Police appealed for calm amidst more violent scenes.
A SECOND NIGHT of disorder has taken place on the streets of Northern Ireland, during which the PSNI responded to a series of situations in Newtownabbey, Co Antrim.
Three cars were hijacked and set on fire in the loyalist O’Neill/Doagh Road area yesterday evening as a large crowd of onlookers gathered to watch the unrest.
Video footage also emerged of cars being hijacked and burned out and a police van being targeted.
The PSNI appealed for calm in the area and asked anyone with any influence in the community to try to ensure young people do not get caught up in criminality.
The Police Federation for Northern Ireland also called for an end of the violence, saying people destroying their own communities is “not the way to protest or vent”.
It comes after eight people were arrested and 27 police officers injured during riots in Belfast and Derry on Friday night.
Fifteen officers were injured in Belfast, while 12 officers were hurt in Derry after being targeted by mainly young people.
Derry City and Strabane Area Commander Chief Superintendent Darrin Jones said police received reports on Friday night of youths gathering in the areas of Nelson Drive and Tullyally in the city.
There was also a fifth successive night of disturbances in the unionist Waterside area of the city.
In Belfast, two boys aged 13 and 14 were among eight people arrested in connection with riots in a loyalist area of Belfast on Friday night.
Police said last night that seven people including three teenage boys had been charged with riot over the Sandy Row disturbances.
Four adults – three men, aged 25, 21 and 18 years old, and a woman, aged 19 – are also due to appear at Belfast Magistrates’ Court later this month.
Three teenagers, aged 17, 14 and 13, are due to appear at Belfast Youth Court on the same date.
Police said 15 officers were injured on Friday night after being targeted by a crowd of mainly young people in Sandy Row, throwing stones, fireworks, flares, manhole covers and petrol bombs.
Belfast District Commander, Chief Superintendent Simon Walls, said “a small local protest quickly developed into an attack on police officers” and that at points there were up to 300 people of all ages on the streets.
He called for calm, urging anyone with influence in the loyalist community to dissuade young people from causing violence and harm.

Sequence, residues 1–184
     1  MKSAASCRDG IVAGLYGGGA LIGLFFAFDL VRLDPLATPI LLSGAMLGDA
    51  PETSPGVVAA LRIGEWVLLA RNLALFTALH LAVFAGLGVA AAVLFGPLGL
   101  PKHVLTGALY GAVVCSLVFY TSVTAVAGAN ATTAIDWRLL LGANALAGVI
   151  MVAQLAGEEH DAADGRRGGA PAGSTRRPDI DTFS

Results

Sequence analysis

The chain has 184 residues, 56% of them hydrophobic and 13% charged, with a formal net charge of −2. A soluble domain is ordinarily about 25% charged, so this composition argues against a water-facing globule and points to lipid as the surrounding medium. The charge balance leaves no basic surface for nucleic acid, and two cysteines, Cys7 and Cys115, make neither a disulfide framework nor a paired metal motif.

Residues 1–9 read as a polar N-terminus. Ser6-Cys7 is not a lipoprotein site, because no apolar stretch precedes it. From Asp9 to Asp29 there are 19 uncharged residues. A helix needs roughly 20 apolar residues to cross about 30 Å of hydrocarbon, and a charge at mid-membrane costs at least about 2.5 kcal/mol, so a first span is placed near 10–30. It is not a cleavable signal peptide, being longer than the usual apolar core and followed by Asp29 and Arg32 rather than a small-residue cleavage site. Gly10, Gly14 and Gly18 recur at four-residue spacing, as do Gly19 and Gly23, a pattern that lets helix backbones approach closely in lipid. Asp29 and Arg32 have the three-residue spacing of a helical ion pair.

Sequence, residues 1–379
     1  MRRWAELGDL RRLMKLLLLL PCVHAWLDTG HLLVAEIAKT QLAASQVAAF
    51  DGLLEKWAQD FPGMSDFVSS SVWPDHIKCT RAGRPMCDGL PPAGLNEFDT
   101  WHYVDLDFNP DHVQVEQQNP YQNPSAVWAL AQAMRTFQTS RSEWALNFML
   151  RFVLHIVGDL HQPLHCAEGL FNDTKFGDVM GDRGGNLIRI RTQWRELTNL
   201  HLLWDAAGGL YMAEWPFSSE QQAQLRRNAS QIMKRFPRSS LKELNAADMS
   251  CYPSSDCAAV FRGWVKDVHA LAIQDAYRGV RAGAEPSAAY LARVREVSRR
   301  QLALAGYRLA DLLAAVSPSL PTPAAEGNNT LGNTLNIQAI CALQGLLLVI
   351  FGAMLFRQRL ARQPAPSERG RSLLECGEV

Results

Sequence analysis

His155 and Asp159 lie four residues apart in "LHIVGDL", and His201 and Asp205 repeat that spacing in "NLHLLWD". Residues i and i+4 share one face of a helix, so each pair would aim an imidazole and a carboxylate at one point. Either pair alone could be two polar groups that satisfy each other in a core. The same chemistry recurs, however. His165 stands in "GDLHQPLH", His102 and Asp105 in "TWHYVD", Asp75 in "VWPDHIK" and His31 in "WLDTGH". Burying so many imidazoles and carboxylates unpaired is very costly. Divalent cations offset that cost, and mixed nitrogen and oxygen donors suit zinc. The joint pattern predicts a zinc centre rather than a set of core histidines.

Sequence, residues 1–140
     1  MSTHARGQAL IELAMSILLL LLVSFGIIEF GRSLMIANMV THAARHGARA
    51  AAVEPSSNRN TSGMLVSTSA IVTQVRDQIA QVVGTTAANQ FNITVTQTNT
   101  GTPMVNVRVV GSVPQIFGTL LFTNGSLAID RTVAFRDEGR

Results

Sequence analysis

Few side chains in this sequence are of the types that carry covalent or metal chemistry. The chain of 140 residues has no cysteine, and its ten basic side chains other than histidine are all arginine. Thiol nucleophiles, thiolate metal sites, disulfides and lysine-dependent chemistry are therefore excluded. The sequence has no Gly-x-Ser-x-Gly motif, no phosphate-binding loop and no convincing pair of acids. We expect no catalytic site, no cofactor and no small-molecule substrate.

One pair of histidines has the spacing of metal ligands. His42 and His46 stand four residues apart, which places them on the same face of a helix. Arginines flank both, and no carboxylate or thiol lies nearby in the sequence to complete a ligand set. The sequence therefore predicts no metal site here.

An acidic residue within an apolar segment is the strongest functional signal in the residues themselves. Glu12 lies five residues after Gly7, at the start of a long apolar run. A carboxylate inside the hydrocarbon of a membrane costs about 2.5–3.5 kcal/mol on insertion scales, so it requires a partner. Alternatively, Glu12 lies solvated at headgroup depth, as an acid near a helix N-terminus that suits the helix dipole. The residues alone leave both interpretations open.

He said: “I’m not going to enter into dialogue about political commentary.
“What I would ask is that people with influence, people in local communities, would dissuade young people, or anyone else, intent on causing violence or intent on harming police officers.”
He described it as a “real tragedy” that children as young as 13 and 14 were among those arrested.
Political leaders called for calm over the Easter weekend following the riots.
Stormont’s First Minister Arlene Foster urged young people “not to get drawn into disorder”, saying violence “will not make things better”.
“I know that many of our young people are hugely frustrated by the events of this last week but causing injury to police officers will not make things better,” the DUP leader said.
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“And I send my strong support to all of the rank-and-file police officers that are on duty over this Easter weekend.
“I appeal to our young people not to get drawn into disorder which will lead to them having criminal convictions and blighting their own lives.”
Northern Ireland Secretary Brandon Lewis described the unrest as “completely unacceptable”.
“Violence is never the answer. There is no place for it in society,” he said.
“It is unwanted, unwarranted and I fully support the PSNI appeal for calm.”
The disorder has flared amid ongoing tensions within loyalism across Northern Ireland.
Loyalists and unionists are angry about post-Brexit trading arrangements which they claim have created barriers between Northern Ireland and the rest of the UK.
Tensions ramped up further this week following a controversial decision not to prosecute 24 Sinn Féin politicians for attending a large-scale republican funeral during Covid-19 restrictions.
All the main unionist parties have demanded the resignation of PSNI Chief Constable Simon Byrne, claiming he has lost the confidence of their community.
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